By Gabby Storey
Eleanor of Aquitaine, born c.1122-24, is perhaps one of the most famous queens of medieval western Europe. Crowned queen of both France and England, her long life and several heirs, and position as one of the wealthiest duchesses of western Europe, enabled her to exert great influence in the Anglo-French sphere.
Married to Louis VII of France in 1137, Eleanor’s first marriage was far from harmonious due to their differing personalities. Although Eleanor bore two daughters, Marie and Alix, Eleanor was reportedly dissatisfied with their marriage and requested an annulment whilst they were on the Second Crusade. Unsubstantiated allegations of Eleanor conducting an incestuous affair with her uncle, Raymond of Antioch, and her future father-in-law, Geoffrey of Anjou, purported to have taken place between 1149-51, are the cause of much of Eleanor’s infamy.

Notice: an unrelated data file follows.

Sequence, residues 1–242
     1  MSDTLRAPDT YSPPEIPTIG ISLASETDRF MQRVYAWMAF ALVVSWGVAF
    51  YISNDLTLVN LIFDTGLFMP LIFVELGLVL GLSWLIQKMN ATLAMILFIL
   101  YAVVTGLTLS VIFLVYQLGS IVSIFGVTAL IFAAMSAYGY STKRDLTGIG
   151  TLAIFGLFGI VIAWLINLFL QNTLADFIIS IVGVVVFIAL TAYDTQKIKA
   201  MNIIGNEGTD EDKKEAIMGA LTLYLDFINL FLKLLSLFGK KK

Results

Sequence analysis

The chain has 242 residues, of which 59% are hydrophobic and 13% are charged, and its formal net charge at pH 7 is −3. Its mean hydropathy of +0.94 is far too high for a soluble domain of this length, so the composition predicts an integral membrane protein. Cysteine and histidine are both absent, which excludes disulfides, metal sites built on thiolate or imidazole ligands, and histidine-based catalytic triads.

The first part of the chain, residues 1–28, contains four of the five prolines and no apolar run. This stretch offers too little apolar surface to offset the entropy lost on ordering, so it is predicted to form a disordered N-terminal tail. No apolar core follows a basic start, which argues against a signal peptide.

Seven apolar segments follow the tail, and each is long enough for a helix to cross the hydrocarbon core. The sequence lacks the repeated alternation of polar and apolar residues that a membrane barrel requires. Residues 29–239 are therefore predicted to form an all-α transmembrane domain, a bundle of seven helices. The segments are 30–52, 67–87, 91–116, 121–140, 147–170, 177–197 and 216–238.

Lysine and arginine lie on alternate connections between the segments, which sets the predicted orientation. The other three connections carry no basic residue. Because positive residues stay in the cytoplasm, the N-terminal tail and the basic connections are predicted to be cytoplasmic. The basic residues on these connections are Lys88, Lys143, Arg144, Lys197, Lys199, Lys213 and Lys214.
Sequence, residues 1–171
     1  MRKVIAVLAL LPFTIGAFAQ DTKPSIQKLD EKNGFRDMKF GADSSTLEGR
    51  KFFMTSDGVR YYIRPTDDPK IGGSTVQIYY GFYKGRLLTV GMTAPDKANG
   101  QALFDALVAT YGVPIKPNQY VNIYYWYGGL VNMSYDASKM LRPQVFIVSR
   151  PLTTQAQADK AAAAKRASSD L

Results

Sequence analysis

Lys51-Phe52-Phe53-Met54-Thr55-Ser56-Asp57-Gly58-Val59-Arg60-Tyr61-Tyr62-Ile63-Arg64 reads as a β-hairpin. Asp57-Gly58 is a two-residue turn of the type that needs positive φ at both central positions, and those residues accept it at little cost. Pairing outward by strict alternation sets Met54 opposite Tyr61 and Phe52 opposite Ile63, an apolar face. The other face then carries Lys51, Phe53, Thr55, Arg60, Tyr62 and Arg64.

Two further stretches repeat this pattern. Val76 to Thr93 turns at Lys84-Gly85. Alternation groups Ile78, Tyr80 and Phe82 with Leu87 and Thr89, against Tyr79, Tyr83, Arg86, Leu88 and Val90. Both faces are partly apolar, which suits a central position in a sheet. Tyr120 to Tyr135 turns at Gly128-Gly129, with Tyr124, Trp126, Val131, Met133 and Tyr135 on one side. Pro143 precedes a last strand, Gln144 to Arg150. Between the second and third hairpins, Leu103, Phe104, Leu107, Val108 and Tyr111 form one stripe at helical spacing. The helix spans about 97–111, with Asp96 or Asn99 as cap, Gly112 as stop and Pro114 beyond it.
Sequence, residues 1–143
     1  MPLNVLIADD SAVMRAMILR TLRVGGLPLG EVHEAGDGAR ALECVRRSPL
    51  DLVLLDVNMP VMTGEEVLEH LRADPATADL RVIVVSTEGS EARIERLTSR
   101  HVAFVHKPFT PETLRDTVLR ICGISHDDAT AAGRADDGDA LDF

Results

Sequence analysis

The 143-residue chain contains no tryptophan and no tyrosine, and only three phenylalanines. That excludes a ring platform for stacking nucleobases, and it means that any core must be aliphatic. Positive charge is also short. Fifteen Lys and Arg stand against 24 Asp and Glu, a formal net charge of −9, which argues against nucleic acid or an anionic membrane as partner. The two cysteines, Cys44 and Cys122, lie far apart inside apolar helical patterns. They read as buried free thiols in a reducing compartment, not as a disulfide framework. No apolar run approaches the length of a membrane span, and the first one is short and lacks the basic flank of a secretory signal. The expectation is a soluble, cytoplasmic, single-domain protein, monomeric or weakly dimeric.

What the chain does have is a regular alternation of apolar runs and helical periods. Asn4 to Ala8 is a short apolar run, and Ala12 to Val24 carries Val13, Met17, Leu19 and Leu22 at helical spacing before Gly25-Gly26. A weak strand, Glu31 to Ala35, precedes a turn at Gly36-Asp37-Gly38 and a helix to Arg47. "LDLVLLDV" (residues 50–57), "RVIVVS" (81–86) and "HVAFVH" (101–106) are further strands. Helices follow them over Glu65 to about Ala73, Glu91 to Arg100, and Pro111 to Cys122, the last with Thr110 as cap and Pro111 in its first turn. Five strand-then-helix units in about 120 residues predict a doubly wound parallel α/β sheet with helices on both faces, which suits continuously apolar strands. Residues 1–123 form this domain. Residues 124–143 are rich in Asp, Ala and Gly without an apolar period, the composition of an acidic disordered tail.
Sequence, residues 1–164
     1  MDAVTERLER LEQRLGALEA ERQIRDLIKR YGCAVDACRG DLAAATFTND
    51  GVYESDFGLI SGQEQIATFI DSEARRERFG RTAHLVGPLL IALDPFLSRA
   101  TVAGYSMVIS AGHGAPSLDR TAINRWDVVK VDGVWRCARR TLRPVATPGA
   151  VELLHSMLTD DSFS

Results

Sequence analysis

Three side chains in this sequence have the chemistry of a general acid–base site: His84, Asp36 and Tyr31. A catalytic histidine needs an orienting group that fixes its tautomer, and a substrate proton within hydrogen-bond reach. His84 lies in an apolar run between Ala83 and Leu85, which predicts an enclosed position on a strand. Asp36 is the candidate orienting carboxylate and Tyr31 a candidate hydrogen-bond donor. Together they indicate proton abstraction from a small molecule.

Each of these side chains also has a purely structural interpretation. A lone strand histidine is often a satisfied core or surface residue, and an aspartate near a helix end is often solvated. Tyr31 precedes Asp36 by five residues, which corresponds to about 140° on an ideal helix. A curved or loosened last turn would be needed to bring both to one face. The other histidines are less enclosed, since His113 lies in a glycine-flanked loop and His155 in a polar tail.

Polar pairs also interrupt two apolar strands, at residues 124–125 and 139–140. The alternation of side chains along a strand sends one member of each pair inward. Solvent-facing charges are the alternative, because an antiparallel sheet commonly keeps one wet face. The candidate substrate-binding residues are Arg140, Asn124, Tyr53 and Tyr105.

After her divorce from Louis in 1152, Eleanor swiftly married Henry, then duke of Normandy and later king of England. They successfully ruled the Angevin realms until Henry’s death in 1189. Their partnership was not entirely harmonious, although it produced several heirs. After 1189, Eleanor continued to exercise power beyond the role of queen mother, as she was politically active and occasional regent for both her sons Richard I and John. She retired to Fontevraud Abbey, Chinon, a place which benefited from her substantial patronage, in her later years, before her death in 1204.
Bonnie Wheeler and John Carmi Parsons, eds., Eleanor of Aquitaine: Lord and Lady (Basingstoke: Palgrave Macmillan, 2003)
Martin Aurell, Aliénor d’Aquitaine (Paris: Presses Universitaires de France, 2020)
Michael Evans, Inventing Eleanor. The Medieval and Post-Medieval Image of Eleanor of Aquitaine (London: Bloomsbury, 2014).
Sara Cockerill, Eleanor of Aquitaine, Queen of France and England, Mother of Empires (Stroud: Amberley, 2019).